Microsoft is working on an update for Outlook (opens in new tab) that will bring email-based communication closer in line with interactions over instant messaging and social media apps.
As per an entry in the company’s product roadmap (opens in new tab), Outlook users will soon be given a range of options for reacting to an email, beyond simply replying with a message of their own.
“Outlook on the web is expanding the existing ability to like email messages with a thumbs up icon. In addition to likes, users will be able to add sentiment for love, laughter, celebration, thanks or show sadness,” explained Microsoft.
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The feature is currently under development, but is expected to land at some point in March, initially for the Outlook web app only.
Microsoft Outlook update
The informalization of email communication is reasonable in some respects, because email is used in personal and professional contexts alike, and business users can always just ignore the feature.
However, with the rise of instant messaging and social media, email has become much more of a business-first medium, especially for younger generations now entering the workplace.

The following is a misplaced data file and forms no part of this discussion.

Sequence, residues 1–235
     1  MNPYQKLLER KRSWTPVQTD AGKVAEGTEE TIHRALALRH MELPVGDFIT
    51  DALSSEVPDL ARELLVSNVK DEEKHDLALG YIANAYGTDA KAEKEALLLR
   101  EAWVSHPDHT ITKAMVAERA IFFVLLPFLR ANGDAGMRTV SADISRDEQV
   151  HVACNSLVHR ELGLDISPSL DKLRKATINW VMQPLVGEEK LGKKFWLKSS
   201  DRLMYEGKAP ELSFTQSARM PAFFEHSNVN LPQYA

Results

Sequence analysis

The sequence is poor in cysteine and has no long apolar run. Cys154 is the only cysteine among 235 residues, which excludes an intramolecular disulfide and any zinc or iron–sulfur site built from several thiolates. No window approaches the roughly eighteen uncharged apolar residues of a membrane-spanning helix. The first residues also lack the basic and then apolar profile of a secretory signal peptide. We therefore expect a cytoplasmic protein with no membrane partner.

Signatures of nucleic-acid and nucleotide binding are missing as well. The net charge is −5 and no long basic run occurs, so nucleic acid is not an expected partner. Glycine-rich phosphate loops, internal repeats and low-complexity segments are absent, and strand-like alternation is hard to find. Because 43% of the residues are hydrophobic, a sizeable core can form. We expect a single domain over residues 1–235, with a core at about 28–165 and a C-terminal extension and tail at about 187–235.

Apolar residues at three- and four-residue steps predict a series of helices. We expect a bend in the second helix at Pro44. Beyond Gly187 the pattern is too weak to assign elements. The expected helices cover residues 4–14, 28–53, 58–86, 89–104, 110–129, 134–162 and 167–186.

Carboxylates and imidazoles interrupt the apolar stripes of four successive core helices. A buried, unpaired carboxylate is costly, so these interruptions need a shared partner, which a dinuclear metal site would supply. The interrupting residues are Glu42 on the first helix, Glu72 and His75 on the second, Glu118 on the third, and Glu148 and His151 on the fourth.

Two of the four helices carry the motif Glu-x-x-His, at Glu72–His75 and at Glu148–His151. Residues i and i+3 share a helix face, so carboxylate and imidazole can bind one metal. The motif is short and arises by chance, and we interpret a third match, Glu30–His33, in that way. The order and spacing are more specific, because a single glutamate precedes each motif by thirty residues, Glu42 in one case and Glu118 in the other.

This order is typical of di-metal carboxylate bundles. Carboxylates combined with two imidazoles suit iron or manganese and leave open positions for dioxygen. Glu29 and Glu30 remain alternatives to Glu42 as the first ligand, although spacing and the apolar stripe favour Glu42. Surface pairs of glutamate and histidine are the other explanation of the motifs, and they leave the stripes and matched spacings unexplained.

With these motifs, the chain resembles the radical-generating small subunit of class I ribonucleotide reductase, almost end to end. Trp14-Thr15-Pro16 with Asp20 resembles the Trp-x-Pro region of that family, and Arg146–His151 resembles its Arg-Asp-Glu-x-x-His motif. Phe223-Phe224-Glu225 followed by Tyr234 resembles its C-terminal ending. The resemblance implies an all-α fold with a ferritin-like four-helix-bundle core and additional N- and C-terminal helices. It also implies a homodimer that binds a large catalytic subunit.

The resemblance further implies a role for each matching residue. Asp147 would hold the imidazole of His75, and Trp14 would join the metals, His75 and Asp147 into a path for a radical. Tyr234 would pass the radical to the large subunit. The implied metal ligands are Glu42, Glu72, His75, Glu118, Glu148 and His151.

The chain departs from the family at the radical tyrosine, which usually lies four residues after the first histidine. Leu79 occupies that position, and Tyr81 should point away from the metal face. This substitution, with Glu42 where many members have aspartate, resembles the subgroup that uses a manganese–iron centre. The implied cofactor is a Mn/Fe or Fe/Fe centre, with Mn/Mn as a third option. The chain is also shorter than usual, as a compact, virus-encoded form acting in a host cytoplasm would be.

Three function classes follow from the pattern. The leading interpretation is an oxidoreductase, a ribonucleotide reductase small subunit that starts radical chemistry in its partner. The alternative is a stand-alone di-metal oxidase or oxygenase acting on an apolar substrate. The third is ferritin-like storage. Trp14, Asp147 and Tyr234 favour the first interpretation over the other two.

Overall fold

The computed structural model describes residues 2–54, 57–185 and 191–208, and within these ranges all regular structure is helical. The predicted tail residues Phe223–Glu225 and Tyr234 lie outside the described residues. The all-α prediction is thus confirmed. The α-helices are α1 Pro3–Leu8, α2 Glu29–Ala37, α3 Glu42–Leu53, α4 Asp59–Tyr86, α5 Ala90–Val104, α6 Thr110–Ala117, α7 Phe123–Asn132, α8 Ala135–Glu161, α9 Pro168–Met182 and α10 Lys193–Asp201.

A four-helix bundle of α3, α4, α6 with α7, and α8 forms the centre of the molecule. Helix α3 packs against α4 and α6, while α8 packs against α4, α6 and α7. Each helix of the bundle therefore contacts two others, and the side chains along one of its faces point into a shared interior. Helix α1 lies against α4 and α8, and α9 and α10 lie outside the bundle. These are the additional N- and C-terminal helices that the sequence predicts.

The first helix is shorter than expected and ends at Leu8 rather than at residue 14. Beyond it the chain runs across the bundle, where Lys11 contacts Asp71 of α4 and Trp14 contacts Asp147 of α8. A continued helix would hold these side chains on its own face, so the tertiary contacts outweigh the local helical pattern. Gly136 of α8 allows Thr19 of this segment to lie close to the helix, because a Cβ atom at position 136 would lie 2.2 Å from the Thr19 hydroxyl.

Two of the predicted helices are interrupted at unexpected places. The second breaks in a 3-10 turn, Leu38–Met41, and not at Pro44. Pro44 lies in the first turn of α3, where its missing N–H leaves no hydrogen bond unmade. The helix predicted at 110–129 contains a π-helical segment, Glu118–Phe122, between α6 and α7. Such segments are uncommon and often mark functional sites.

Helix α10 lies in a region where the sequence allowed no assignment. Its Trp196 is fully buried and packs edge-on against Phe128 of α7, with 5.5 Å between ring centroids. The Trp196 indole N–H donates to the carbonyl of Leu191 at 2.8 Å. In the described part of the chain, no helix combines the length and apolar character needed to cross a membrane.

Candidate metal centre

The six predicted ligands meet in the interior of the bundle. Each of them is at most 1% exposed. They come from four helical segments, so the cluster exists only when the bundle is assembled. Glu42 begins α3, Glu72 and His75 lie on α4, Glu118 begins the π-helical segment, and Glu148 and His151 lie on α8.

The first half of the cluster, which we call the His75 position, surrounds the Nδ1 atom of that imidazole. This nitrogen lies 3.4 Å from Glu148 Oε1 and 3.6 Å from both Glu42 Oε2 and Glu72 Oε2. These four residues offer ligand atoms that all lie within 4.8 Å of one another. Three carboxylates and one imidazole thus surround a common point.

With remote working already driving a wedge between co-workers, making communication more challenging and misunderstandings more likely, yet another way to distil meaning into a simplified format is surely the last thing we need.
The problem with the inability to communicate with someone face-to-face is that nuances related to tone, body language and facial expression are lost. Encouraging email users to use icons as a proxy for words will only add fuel to this fire.
It’s not that social media-style interactions have no place in business; they have become a defining feature of platforms such as Slack (opens in new tab). But one of the main reasons collaboration tools (opens in new tab) haven’t killed off email, as some predicted they would, is that the inbox is the last bastion of purely functional and transactional communication. TechRadar Pro put these thoughts to Microsoft over email, but the company has not yet returned a response.
Some users will feel more strongly about the new Outlook reactions feature than others; perhaps it will be entirely harmless. However, the feature might also serve as a timely reminder of the unique selling point of email: it’s boring.
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